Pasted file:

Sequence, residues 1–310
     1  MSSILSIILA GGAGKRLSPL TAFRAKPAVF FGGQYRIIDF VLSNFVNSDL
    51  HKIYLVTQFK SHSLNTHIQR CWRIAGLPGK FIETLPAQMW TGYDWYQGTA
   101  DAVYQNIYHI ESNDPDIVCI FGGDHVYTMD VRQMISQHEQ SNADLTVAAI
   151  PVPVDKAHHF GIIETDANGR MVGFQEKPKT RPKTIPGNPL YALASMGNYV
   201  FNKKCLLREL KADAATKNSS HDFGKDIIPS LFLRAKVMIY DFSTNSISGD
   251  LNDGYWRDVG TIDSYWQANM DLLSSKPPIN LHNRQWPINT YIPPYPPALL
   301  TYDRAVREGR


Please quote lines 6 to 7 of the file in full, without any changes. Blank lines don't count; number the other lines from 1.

   201  FNKKCLLREL KADAATKNSS HDFGKDIIPS LFLRAKVMIY DFSTNSISGD
   251  LNDGYWRDVG TIDSYWQANM DLLSSKPPIN LHNRQWPINT YIPPYPPALL